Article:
The “lions eating ribs” was my favorite of a handful of shots in which I fought for hours to find the right angle to capture a great image of the carcass as well as the hungry carnivores. If only I could have a better angle or time to shoot to get the right angle – that’s what makes wildlife photography so thrilling and challenging in the same moment. It’s not uncommon to be close but not quite there to take a fantastic photograph. It’s not easy to get the subject to change its position or move slightly towards the left. As a novice you won’t have the possibility to go back to try it again or take a deeper look You’ve got those few hours or days, and that’s all you have.

Kudu - Phinda
NIKON D7000 @ 300mm, ISO 400, 1/1250, f/6.3

I have upgraded my DSLRs and been able to get the D7200 by using the D600 (that is a different story of dust and accidents). I gave away my 70-300mm lens and got one of the Nikon 70-200mm F/4G VR instead. This lens clearly isn’t as wide, but it’s a sharper and faster lens. I’ve really enjoyed because it is a versatile and light lens that is great for traveling and excellent in sports photography.

Blue Tit - London
NIKON D7200 @ 200mm, ISO 360, 10/5000, f/4.0

It is a wildlife lens, but it’s not the best choice for wildlife and often requires a 1.4x converter However, even so its performance is better than the 70-300mm lens in many ways. Cropping is an essential tool, just like this Blue Tit I sat patiently watching it appear in my backyard in the cherry bloom. I’m not able to justify purchasing a larger telescope. It’s always a weight and cost trade-off, therefore the reach issue remains for me … but only. However, there might be an answer, as Nikon has announced some exciting options recently, including Nikon’s Nikon 300mm f/4E PFVR (see Nasim’s thorough analysis).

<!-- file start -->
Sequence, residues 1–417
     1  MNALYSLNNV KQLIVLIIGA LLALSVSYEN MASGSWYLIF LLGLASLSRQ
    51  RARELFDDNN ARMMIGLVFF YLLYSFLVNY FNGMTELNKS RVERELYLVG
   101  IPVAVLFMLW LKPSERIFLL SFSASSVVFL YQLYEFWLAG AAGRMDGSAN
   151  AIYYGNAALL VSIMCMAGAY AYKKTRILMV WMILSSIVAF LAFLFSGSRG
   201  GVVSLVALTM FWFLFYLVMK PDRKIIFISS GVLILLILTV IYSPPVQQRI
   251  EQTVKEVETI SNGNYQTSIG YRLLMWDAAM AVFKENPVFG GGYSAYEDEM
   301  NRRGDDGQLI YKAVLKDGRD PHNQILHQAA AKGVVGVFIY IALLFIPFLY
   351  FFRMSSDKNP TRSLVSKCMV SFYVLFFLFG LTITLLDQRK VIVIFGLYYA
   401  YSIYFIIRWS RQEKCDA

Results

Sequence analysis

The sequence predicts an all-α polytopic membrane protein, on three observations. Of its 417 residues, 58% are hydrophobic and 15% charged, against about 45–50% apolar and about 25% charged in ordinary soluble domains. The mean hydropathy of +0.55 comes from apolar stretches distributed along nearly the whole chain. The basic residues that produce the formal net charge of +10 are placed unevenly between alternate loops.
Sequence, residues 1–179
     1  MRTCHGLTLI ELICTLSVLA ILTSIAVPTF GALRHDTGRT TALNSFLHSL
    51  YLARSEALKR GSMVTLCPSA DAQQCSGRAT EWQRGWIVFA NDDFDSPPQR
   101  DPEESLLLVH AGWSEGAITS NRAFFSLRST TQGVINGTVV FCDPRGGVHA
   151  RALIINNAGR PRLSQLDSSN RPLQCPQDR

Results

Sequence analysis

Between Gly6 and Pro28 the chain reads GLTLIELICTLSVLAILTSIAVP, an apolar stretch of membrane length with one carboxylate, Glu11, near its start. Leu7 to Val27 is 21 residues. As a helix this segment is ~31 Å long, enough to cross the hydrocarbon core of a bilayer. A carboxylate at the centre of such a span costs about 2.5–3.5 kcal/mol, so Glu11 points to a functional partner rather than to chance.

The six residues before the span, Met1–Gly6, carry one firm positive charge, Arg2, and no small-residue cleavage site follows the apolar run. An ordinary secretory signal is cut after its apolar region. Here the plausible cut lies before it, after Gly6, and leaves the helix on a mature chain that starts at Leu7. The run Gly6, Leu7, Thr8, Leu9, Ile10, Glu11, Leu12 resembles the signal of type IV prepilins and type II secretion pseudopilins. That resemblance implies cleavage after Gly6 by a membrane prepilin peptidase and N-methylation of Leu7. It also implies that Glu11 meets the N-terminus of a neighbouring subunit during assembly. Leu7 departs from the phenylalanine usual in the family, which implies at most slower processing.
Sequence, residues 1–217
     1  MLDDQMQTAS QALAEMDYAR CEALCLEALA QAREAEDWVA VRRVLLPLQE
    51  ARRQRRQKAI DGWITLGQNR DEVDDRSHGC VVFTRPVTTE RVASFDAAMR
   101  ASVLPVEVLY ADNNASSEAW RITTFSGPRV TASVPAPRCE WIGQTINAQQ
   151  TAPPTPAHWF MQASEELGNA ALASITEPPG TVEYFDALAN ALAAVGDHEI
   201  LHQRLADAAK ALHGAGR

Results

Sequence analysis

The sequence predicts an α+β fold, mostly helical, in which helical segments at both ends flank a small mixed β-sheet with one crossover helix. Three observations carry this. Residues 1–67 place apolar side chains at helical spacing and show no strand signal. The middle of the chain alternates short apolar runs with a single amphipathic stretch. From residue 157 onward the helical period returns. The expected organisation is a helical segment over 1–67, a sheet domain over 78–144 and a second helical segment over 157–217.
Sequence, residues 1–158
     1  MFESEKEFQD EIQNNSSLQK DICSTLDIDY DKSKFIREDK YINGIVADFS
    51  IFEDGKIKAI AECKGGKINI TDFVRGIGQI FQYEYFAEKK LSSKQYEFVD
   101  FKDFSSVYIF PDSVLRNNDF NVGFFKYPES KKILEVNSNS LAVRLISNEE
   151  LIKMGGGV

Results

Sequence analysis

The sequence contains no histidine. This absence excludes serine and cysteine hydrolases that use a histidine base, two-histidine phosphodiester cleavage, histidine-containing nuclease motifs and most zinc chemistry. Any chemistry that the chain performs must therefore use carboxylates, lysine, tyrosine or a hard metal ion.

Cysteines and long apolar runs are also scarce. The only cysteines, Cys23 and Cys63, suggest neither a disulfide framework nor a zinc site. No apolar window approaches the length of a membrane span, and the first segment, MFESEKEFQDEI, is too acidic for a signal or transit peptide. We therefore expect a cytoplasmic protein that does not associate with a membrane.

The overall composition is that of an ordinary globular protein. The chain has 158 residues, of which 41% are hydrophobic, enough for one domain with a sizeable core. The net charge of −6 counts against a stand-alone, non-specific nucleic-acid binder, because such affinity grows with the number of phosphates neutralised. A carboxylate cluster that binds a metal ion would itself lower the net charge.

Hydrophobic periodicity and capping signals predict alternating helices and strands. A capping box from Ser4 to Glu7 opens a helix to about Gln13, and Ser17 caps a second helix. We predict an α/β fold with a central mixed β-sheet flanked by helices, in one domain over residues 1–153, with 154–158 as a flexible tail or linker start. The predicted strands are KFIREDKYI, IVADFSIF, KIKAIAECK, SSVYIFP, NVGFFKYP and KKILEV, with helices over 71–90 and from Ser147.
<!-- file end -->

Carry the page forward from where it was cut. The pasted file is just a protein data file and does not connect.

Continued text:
Hoatzin Birds - Amazon Peru
NIKON D600 @ 135mm, ISO 2500, 10/5000, f/7.1

Through a few friends of friends, I might be able to go to Zambia in the coming year. This has already gotten me excited. It seems impossible to carry a lens with a an aperture of more than 200mm. It would be unwise to travel to this stunning region of the world with its abundant wildlife without a telephoto that is long. There are many options to choose from “exotics” are not in the picture on cost and weight reasons (the trip is expensive enough!) however, I was able to keep my eyes at the mentioned 300mm f/4E PF VR, or the brand new 200 to 500mm f/5.6 VR. It’s currently at the most wanted list, since it’s lightweight and appears to work well with Tele converters. What would happen if Nikon came out with a brand new 400mm f/5.6 VR PF lens in the coming year? That could be perfect? In any event, I’ve begun to save … in the hope of I’m hoping I’ll be able to save more;-)

Cheetah 3- Phinda
NIKON D7000 + 70-300mm f/4.5-5.6 @ 300mm, ISO 200, 1/800, f/8.0

No matter what kit I am able to afford regardless of the equipment I can afford, I will continue to appreciate wildlife photography The adventure, the challenge and the process of learning that improves every time I go out – aided by a better gear and an improved understanding of how to maximise the performance of the gear.

The rewards of persistence, planning, and patience can be so satisfying. It is in many aspects, it’s the process that’s satisfying – the experience of the wilderness, travel, and nature experiences, as well as the photographic lessons – that’s the main thing. The only thing that will never go away is an “if it were only” even with a lot of post-processing options and improved tools. It’s fine! This is, in a way, what the whole thing is about!

Black Rhino - Phinda
NIKON D7000 @ 280mm, ISO 400, 1/400, f/6.3